Millions of Android smartphone users have been duped into downloading a new “cutting edge” malware.
The malware, called HummingWhale, is capable of taking control of your smartphone in order to generate millions of dollars in fraudulent advertising revenue, known as “click fraud”.
It was discovered by security firm Check Point, who has warned this latest version of malware is even more dangerous and prevalent than the HummingBad malware that was discovered last year.
“This new variant, dubbed HummingWhale, includes new, cutting edge techniques that allow it to perform ad fraud better than ever before,” Check Point warned.
The HummingBad malware first appeared last year and was linked to Chinese cyber criminals who were estimated to be generating more than a million dollars a month in ad revenue by forcing users to click on ads from their infected smartphones and tablets.
However, unlike HummingBad, which was spread among Android users downloading apps from third party app sites, the new version HummingWhale has been found in at least 20 apps that were available to download from the Google Play Store.
Some of the infected apps include Whale Camera, Light VPN-Fast, Safe,Free, Hi Porn and File Explorer.
All of the apps had been uploaded to Google Play using accounts from fake Chinese app developers, Check Point said.
What also makes HummingWhale more dangerous than its predecessor is that the malware can install apps onto your phone without your permission, hiding the app after your device has been infected, making it even harder for you to detect it.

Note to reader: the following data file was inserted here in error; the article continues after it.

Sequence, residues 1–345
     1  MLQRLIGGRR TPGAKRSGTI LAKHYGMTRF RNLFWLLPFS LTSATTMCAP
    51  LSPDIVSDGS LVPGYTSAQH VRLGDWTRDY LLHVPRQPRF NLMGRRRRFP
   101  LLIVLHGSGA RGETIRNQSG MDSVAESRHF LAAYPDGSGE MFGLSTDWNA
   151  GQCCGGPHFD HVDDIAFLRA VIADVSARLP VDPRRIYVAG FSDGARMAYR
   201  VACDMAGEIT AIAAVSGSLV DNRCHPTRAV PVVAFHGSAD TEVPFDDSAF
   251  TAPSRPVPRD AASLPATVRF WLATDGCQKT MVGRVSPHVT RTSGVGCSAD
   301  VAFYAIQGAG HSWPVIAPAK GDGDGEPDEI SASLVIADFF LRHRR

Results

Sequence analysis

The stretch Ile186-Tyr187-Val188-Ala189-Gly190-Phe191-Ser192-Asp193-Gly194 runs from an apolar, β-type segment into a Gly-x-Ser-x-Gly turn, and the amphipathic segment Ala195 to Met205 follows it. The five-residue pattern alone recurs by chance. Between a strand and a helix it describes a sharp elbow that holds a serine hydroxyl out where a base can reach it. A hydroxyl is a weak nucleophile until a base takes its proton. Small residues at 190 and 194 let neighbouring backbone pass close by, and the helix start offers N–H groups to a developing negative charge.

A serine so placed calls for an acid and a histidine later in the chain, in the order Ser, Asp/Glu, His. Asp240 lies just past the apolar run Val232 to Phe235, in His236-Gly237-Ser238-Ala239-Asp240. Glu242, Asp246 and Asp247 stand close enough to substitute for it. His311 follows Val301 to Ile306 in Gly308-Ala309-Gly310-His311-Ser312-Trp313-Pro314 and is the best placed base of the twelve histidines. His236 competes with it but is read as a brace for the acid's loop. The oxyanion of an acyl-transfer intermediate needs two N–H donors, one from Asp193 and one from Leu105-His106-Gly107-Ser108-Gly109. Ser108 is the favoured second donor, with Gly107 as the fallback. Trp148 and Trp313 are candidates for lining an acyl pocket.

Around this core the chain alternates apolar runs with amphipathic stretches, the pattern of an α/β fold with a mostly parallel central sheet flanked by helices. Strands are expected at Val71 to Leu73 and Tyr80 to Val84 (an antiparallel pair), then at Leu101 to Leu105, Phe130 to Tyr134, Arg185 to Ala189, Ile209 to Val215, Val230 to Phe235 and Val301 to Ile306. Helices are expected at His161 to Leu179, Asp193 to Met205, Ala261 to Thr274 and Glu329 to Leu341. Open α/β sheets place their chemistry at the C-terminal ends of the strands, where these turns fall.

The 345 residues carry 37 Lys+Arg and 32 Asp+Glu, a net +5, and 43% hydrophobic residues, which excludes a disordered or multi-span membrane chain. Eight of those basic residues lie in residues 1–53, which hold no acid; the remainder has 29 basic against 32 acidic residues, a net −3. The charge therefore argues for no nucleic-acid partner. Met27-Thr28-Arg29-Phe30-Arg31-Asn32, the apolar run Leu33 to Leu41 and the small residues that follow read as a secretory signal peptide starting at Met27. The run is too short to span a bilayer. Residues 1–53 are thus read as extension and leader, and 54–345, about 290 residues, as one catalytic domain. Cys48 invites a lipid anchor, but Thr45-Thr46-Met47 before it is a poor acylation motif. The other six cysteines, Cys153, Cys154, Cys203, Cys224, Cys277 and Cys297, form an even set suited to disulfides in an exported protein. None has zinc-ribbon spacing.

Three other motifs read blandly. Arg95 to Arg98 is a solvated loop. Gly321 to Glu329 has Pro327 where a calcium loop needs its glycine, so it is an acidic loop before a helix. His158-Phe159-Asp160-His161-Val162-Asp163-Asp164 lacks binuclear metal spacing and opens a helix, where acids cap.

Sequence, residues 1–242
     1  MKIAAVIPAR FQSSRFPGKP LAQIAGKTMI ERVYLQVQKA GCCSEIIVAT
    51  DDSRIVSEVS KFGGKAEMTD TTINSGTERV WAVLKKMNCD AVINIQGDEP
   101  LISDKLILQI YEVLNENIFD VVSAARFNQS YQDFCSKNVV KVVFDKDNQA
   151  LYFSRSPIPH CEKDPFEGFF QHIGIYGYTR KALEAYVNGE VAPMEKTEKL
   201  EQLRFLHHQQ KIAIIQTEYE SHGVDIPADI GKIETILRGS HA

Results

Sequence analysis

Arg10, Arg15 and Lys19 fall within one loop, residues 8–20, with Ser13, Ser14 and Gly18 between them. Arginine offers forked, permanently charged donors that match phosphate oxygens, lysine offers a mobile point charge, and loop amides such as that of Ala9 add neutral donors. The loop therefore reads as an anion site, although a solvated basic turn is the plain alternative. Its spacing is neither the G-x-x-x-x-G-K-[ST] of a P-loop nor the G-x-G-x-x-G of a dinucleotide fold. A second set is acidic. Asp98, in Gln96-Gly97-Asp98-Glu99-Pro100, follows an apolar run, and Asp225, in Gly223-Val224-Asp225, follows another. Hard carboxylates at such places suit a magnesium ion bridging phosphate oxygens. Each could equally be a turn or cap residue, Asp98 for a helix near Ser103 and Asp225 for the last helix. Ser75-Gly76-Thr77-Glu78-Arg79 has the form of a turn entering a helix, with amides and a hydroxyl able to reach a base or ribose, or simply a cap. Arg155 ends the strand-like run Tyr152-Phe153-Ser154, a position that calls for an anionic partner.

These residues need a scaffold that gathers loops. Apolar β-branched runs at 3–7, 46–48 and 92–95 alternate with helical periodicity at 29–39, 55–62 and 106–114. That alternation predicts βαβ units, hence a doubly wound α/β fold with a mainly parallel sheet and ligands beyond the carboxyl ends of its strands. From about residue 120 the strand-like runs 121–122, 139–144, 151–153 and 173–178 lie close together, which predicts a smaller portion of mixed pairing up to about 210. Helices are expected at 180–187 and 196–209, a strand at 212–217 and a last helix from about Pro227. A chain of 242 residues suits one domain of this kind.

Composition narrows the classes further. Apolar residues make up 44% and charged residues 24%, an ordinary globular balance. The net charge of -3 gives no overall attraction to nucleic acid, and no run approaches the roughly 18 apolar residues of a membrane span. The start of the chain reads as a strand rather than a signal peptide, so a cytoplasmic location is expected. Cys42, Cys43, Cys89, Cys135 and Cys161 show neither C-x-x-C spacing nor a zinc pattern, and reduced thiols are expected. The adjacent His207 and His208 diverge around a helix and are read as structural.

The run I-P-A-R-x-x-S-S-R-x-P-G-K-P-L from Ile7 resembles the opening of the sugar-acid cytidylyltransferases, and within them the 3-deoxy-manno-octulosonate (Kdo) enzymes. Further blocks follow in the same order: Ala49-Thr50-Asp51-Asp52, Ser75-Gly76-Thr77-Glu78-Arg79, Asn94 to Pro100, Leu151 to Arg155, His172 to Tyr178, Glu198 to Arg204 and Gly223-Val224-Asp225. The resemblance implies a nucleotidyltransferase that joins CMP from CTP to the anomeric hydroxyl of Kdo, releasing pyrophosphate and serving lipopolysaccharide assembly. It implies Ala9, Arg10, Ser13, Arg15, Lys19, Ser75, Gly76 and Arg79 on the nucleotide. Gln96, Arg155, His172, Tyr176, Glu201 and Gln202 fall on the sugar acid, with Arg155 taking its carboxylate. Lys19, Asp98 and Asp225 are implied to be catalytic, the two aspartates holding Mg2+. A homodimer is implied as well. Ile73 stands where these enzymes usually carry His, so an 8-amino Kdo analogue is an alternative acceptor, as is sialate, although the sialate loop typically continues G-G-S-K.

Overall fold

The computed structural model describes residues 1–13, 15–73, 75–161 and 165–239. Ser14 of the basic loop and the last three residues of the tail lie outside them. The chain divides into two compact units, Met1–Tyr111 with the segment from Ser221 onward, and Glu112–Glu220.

“It allows the malware to install apps without gaining elevated permissions first, then disguises the malicious activity, which allows it to infiltrate Google Play. It also allows the malware to let go of its embedded rootkit since it can achieve the same effect even without it. It can install an infinite number of fraudulent apps without overloading the device.”
If you are worried your device may have been infected with HummingWhale you can use Check Point’s virus scanning can confirm if your device is infected.
Security experts recommend that people whose smartphones have been infected with HummingWhale to perform a factory reset and be extra careful when reinstalling apps, only making sure apps are from trusted developers.
Jonathan is our Google Nexus and Android enthusiast. He is also fanatical about football which makes it all the more strange that he should support Stockport County. In addition to writing about tech, Jonathan has a passion for fitness and nutrition and has previously written for one the UK’s leading watch and horology websites.